Making decisions, from simple perceptual judgments to complex policy-making orientations, often requires to combine multiple pieces of ambiguous or conflicting information. In such uncertain conditions, human decisions exhibit a suboptimal variability whose origin remains poorly understood. Dominant psychological theories attribute the resulting errors to imperfections at the peripheries of an otherwise optimal inference process, and consider them essentially as failures of human cognition. Instead, my research program seeks to redefine decision errors not as cognitive failures, but as cognitive compromises which optimize a trade-off between the expected accuracy of a decision and the cost associated with neural computations required to reach this accuracy. I hypothesize that human decision errors arise to a large part from the limited computational precision of probabilistic inference, and that humans adapt this precision to the cognitive demands imposed by their environment - by increasing it when it is deemed necessary or decreasing it when they can rely on 'cheaper' sources of information to decide. I propose to test this original research hypothesis using a combination of computational modeling and multimodal functional neuroimaging of human decision-making. The degree of generality of the obtained findings will be assessed by bridging research across two types of decisions historically studied separately: perceptual decisions and reward-guided decisions. I will also test the clinical relevance of the hypothesized 'accuracy-cost' trade-off for two psychiatric conditions associated with dysfunctions of decision-making under uncertainty: 1. the emergence of false beliefs in schizophrenia, and 2. the repetitive checking behavior observed in obsessive-compulsive disorders. Together, the proposed research will shed light on previously unsuspected cognitive pressures which shape virtually every human decision, and identify associated neural computations.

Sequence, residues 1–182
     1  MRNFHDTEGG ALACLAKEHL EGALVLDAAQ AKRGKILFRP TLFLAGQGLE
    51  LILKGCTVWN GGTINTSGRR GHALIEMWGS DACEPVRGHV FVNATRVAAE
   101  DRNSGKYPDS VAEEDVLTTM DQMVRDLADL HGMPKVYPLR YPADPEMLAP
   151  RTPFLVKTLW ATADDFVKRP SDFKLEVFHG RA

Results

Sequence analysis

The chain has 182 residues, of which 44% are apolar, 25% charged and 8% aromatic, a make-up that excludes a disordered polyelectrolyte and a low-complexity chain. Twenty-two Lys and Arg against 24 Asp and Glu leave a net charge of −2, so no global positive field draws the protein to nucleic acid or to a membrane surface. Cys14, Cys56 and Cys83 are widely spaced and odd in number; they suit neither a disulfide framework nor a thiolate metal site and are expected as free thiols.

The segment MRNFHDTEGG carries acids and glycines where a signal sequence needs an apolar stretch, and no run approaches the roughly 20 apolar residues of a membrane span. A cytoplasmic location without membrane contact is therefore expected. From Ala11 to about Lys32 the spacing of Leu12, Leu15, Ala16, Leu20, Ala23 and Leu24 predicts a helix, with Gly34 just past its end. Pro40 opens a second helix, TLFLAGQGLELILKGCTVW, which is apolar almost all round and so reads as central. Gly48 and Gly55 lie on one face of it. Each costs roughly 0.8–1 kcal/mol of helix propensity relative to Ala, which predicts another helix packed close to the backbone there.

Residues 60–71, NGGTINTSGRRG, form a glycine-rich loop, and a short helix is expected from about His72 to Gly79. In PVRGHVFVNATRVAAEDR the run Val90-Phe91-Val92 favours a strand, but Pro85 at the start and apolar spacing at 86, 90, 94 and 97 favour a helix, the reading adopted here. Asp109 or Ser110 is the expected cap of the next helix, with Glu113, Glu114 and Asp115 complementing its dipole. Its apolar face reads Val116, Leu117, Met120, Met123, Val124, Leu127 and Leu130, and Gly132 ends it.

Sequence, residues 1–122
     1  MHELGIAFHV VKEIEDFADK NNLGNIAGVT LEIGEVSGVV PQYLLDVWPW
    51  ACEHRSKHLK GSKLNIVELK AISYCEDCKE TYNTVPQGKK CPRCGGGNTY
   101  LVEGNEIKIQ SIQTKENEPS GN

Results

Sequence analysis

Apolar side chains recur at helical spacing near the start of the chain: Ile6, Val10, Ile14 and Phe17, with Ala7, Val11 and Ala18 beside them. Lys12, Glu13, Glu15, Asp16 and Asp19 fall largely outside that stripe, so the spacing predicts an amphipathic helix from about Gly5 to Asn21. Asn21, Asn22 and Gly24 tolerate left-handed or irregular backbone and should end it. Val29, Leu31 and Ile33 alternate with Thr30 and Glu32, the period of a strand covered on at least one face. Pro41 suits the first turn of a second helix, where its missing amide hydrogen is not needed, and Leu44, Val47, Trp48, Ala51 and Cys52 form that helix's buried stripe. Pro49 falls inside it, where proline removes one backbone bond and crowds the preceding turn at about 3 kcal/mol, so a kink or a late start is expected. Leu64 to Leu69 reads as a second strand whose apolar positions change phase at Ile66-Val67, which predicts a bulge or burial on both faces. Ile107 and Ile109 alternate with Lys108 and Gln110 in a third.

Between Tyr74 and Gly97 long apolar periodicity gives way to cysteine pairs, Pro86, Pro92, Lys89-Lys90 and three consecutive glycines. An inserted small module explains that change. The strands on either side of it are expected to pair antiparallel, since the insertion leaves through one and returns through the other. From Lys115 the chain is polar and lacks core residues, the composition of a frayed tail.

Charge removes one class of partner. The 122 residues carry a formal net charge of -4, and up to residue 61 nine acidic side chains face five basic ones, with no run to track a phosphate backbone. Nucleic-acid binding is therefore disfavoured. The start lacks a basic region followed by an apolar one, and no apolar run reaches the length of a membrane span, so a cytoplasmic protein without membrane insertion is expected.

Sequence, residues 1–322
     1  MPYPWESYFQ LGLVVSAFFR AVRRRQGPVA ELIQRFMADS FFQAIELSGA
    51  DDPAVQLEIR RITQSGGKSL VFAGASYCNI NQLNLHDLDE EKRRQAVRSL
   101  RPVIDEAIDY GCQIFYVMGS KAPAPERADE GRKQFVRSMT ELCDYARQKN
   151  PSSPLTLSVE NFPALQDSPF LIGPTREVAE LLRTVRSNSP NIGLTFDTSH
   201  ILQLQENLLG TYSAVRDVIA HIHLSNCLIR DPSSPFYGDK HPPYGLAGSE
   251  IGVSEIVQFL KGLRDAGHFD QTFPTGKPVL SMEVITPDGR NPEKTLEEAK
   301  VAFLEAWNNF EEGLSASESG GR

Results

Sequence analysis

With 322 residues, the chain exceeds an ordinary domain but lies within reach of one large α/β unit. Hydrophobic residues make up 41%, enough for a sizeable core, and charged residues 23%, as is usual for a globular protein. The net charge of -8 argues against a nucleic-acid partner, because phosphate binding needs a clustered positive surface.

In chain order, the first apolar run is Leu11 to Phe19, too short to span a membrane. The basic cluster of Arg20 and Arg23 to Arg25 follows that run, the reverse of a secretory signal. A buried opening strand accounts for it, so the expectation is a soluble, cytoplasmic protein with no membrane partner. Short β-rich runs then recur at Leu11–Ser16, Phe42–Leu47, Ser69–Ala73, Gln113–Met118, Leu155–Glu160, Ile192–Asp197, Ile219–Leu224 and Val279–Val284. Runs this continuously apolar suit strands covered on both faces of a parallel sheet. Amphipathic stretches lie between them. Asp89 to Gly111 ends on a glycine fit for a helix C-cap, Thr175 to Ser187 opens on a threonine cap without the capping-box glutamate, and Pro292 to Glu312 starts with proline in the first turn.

Fields of science
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Funding SchemeERC-STG - Starting Grant
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